UNITED NATIONS -- The United Nations called Tuesday for a two-year transitional government for Afghan-istan backed by a multinational security force, while world leaders said the world body should have a leading role in the war-ravaged nation's peace process.
Lakhdar Brahimi, the top U.N. envoy for Afghanistan, told the U.N. Security Council that a plan to bring Afghanistan's many ethnic and tribal groups together should be completed "as early as humanly possible."
As northern alliance soldiers replaced fleeing Taliban forces in the capital, Kabul, on Tuesday, there was concern that the speed of the military campaign was outpacing U.N.-led diplomatic efforts to get a transitional government installed. Many countries cautioned the northern alliance not to repeat the violence that wracked Kabul during their previous rule.
"We need a U.N. presence there as soon as possible," British Prime Minister Tony Blair said in London.
And John Negroponte, the U.S. ambassador to the United Nations, told the Security Council: "An international presence must be re-established as soon as possible."
President Bush called for a broad-based government to replace the Taliban.
"We will continue to work with the northern alliance to make sure they recognize that in order for there to be a stable Afghanistan ... after the Taliban leaves, that the country be a good neighbor and that they must recognize that a future government must include representatives from all of Afghanistan," he said in Washington.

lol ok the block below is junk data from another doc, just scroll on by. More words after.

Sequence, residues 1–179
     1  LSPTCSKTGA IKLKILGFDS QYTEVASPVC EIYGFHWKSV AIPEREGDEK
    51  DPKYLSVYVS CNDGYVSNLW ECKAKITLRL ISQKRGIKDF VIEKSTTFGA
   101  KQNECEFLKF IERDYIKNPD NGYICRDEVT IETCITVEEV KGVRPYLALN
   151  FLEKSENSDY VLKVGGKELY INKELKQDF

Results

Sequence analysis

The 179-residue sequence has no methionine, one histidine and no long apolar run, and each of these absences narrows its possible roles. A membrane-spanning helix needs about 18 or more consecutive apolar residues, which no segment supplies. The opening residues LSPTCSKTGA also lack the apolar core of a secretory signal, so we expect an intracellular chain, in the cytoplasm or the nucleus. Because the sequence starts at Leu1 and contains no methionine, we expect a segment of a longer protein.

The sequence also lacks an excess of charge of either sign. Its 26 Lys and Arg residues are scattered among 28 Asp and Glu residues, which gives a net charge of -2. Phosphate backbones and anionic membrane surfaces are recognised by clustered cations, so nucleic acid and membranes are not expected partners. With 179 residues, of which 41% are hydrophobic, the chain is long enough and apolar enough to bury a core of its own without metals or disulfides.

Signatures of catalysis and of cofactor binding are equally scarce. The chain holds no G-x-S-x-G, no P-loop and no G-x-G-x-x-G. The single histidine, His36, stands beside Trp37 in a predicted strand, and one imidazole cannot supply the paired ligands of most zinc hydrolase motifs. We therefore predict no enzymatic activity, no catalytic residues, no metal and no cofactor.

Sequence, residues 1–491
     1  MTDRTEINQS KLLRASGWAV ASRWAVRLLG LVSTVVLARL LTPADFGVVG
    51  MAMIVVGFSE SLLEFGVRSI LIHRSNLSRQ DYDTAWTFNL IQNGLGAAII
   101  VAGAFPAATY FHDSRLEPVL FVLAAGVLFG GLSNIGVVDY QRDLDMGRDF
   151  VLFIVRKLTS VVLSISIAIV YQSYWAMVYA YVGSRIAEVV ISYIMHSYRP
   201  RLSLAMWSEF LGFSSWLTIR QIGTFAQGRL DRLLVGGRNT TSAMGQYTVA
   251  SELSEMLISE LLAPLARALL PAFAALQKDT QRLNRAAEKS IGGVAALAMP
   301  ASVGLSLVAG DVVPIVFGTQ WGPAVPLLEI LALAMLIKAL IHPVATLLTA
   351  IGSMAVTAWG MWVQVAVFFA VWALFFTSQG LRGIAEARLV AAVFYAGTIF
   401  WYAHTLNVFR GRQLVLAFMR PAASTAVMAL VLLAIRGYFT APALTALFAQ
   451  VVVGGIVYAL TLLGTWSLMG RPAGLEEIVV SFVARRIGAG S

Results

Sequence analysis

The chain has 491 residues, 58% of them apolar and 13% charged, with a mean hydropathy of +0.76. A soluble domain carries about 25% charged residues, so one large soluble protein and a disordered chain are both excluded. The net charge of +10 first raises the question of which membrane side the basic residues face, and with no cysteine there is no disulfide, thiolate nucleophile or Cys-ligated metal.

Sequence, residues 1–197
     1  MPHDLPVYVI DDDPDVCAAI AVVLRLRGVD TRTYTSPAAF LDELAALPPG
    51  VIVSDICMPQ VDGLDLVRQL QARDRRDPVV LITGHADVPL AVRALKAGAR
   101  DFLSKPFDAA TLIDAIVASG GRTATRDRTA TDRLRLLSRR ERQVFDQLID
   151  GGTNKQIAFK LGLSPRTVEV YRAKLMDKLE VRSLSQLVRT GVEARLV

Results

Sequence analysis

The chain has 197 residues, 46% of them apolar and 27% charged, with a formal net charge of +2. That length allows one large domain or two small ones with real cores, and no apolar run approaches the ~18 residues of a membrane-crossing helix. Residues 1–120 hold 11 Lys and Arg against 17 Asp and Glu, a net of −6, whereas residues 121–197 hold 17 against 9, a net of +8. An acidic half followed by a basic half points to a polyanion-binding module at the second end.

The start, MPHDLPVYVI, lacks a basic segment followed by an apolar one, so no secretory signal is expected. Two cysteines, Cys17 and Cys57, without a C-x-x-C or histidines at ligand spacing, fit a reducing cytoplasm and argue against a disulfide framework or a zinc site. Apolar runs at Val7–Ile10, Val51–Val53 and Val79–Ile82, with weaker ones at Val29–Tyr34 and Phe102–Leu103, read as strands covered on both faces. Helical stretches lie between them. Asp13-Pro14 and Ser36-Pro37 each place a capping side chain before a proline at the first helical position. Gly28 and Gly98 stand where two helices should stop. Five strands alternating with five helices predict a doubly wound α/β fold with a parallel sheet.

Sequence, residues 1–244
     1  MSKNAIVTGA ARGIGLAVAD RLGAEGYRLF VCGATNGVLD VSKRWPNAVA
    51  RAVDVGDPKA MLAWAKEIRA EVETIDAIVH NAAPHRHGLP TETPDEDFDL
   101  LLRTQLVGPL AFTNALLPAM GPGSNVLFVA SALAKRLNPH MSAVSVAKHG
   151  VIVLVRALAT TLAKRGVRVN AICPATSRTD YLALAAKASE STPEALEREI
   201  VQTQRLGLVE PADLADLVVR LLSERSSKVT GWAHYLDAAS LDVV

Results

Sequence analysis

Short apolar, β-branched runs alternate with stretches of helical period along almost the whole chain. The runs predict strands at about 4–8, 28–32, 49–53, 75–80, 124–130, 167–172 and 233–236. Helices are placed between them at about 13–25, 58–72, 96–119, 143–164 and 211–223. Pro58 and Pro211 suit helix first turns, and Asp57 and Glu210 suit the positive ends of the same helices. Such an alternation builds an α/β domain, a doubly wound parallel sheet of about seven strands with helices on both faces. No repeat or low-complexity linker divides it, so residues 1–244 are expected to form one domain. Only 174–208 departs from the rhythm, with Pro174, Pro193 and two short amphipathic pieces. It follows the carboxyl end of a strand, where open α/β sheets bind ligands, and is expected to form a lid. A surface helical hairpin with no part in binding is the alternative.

Had no choice
The northern alliance foreign minister, who uses the single name Abdullah, defended the opposition's move into Kabul, saying it had no choice because the Taliban's sudden withdrawal left a security vacuum. The United States had asked the alliance to avoid moving on the capital, afraid its presence would complicate efforts to create a coalition government.
At a news conference in Kabul, Abdullah said all Afghan groups should come to the capital to negotiate the future of Afghanistan. And he invited the United Nations to send teams "to help us in the peace process."
The forces of deposed Afghan president Burhanuddin Rabbani are the main group in the northern alliance. Rabbani's government still holds Afghan-istan's U.N. seat.